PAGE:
Downside. This can range from 1 month to a year. More documents may be asked for. Its the job of the Executor to have the shit together and correct paperwork.
    During this time the survivor/family are emotionally compromised. Executor if named is too lazy or dumb.
    Funeral costs and bills still need to be paid. Some surviving spouses cant do this as partners did everything.
    Cockroachings and money hungry relatives come out of the woodwork wanting a slice of the pie. Even the person helping with the account. The shit people will say and do is insane. This is why a original certified copy of the Will is everything. Money makes people do and say strange shit. Ive seen it.

    The Bank will trying to lick the butthole of the beneficiaries and tell them it tastes like pan au chocolaaa. That’s because they don’t want the assets/wealth leaving the bank. Think ‘investment opportunity’. You just inherited 200k. Hey invest it.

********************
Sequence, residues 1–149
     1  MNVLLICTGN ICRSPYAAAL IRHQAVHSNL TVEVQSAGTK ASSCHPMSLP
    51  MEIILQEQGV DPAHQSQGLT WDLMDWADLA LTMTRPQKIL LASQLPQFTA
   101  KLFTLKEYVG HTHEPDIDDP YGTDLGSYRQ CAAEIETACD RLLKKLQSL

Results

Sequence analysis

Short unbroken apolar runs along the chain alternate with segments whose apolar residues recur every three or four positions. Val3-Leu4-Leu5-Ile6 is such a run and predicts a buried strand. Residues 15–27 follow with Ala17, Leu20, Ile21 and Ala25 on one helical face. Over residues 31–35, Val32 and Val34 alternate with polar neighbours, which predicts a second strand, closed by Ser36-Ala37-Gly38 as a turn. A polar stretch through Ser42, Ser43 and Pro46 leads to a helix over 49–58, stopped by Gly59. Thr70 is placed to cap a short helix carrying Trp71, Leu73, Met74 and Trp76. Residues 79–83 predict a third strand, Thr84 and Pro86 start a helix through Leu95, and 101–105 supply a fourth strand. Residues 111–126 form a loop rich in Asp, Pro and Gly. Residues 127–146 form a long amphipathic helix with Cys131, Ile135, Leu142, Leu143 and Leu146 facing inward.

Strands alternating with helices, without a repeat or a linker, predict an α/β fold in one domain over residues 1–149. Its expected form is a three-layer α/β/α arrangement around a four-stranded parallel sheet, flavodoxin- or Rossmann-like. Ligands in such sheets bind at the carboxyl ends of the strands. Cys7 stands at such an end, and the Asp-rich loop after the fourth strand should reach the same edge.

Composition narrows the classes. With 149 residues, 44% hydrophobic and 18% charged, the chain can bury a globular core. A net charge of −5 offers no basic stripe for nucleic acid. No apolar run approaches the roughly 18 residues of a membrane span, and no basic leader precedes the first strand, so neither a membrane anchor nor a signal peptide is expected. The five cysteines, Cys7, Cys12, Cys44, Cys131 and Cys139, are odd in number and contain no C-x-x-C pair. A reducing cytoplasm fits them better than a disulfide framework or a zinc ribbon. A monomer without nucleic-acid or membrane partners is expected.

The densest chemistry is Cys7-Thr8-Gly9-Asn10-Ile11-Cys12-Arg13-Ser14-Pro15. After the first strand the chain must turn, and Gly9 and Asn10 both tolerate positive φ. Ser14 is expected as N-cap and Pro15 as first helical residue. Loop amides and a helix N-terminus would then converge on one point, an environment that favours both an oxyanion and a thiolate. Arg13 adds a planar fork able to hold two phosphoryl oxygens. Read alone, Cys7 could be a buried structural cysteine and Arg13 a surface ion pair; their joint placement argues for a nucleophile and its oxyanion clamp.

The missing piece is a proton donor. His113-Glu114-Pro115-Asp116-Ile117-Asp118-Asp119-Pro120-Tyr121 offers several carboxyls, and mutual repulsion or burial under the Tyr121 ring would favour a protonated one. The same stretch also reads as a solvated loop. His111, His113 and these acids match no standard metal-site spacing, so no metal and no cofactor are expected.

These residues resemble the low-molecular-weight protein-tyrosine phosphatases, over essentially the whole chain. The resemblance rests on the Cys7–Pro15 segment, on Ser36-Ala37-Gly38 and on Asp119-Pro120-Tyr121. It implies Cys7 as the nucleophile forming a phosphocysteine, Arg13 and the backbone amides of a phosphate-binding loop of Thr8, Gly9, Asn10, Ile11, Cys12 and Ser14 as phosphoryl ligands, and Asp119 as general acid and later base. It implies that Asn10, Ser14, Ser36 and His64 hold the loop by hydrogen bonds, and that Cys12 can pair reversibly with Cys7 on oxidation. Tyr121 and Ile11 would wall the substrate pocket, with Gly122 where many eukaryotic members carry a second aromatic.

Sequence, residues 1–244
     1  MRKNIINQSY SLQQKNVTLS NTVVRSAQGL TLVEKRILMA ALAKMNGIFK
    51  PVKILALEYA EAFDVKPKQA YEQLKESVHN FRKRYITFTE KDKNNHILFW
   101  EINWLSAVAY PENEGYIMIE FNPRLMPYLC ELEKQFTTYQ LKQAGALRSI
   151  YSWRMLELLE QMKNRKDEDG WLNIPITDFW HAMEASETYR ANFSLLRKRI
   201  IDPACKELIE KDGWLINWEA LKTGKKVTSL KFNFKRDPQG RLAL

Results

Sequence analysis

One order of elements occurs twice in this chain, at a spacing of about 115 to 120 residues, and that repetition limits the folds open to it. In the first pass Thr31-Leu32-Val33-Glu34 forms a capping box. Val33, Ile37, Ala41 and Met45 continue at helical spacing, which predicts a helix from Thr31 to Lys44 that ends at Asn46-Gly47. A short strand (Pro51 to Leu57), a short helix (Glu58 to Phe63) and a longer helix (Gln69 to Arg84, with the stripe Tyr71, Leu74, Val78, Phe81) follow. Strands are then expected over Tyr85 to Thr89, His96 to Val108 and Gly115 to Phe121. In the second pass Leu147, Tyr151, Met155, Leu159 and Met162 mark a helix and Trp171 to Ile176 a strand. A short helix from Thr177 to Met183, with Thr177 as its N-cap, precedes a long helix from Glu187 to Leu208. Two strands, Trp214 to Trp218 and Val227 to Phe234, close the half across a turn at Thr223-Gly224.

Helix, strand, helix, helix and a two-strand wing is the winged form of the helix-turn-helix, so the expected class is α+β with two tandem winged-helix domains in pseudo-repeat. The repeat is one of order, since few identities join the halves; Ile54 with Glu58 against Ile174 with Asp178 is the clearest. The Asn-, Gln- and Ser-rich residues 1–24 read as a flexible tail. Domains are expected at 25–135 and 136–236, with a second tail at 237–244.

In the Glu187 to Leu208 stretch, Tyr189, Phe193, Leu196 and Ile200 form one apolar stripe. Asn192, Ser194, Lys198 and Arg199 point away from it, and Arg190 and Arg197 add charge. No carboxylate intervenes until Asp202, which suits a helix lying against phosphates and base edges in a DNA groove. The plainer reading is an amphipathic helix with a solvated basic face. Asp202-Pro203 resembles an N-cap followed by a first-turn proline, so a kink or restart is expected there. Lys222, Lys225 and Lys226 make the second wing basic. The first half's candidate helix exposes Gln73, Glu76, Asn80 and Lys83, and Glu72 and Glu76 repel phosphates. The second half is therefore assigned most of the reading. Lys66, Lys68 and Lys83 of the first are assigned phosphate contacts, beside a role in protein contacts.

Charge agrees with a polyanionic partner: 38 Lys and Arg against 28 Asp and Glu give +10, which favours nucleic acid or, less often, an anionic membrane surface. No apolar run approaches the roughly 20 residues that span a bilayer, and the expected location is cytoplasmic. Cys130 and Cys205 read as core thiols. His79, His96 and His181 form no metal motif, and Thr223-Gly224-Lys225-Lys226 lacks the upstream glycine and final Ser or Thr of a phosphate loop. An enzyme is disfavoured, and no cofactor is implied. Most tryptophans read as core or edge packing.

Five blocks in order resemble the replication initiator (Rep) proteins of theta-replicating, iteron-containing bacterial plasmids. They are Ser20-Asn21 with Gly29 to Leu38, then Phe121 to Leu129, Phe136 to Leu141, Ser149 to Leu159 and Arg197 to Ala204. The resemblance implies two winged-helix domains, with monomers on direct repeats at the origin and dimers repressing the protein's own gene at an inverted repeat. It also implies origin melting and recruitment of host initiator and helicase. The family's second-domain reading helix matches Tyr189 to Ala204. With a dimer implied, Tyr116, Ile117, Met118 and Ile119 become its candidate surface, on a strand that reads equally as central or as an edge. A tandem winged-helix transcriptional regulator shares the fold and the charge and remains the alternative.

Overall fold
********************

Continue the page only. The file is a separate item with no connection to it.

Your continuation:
Its not all doom and gloom. If I honest, in most cases it is straightforward. It just takes time that’s all. When you are emotionally compromised (and you will be), that’s not a good thing.

    The headaches also comes from:
    1. People not updating their Will with names etc. For example people may have died, moved away, conflict etc.
    2. I’l be dead I don’t care mentality
    3. Shitty Executors
    4. People change over time. Your best bumchum friend today can tomorrow can be a lazy ass.
    5. People not accepting their partner or themselves will die at some point. All of us will die. That’s guaranteed. This causes problems in the handover process.